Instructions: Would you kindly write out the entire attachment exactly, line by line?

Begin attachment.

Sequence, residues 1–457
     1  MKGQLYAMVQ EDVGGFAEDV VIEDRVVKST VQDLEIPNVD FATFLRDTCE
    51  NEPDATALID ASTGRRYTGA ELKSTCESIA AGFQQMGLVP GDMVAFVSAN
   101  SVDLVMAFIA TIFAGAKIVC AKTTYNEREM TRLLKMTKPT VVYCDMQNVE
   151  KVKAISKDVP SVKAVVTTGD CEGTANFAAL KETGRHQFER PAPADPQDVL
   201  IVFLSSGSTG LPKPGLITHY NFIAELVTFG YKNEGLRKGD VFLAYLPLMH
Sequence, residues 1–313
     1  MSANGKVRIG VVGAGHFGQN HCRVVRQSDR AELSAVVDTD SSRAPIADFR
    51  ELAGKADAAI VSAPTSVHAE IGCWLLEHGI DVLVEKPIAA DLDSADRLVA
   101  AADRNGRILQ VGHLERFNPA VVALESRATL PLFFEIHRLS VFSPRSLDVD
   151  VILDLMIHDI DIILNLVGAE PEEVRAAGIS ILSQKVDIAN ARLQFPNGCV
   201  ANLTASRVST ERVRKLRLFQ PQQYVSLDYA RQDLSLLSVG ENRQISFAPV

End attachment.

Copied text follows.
Sequence, residues 1–457
     1  MKGQLYAMVQ EDVGGFAEDV VIEDRVVKST VQDLEIPNVD FATFLRDTCE
    51  NEPDATALID ASTGRRYTGA ELKSTCESIA AGFQQMGLVP GDMVAFVSAN
   101  SVDLVMAFIA TIFAGAKIVC AKTTYNEREM TRLLKMTKPT VVYCDMQNVE
   151  KVKAISKDVP SVKAVVTTGD CEGTANFAAL KETGRHQFER PAPADPQDVL
   201  IVFLSSGSTG LPKPGLITHY NFIAELVTFG YKNEGLRKGD VFLAYLPLMH
Sequence, residues 1–313
     1  MSANGKVRIG VVGAGHFGQN HCRVVRQSDR AELSAVVDTD SSRAPIADFR
    51  ELAGKADAAI VSAPTSVHAE IGCWLLEHGI DVLVEKPIAA DLDSADRLVA
   101  AADRNGRILQ VGHLERFNPA VVALESRATL PLFFEIHRLS VFSPRSLDVD
   151  VILDLMIHDI DIILNLVGAE PEEVRAAGIS ILSQKVDIAN ARLQFPNGCV
   201  ANLTASRVST ERVRKLRLFQ PQQYVSLDYA RQDLSLLSVG ENRQISFAPV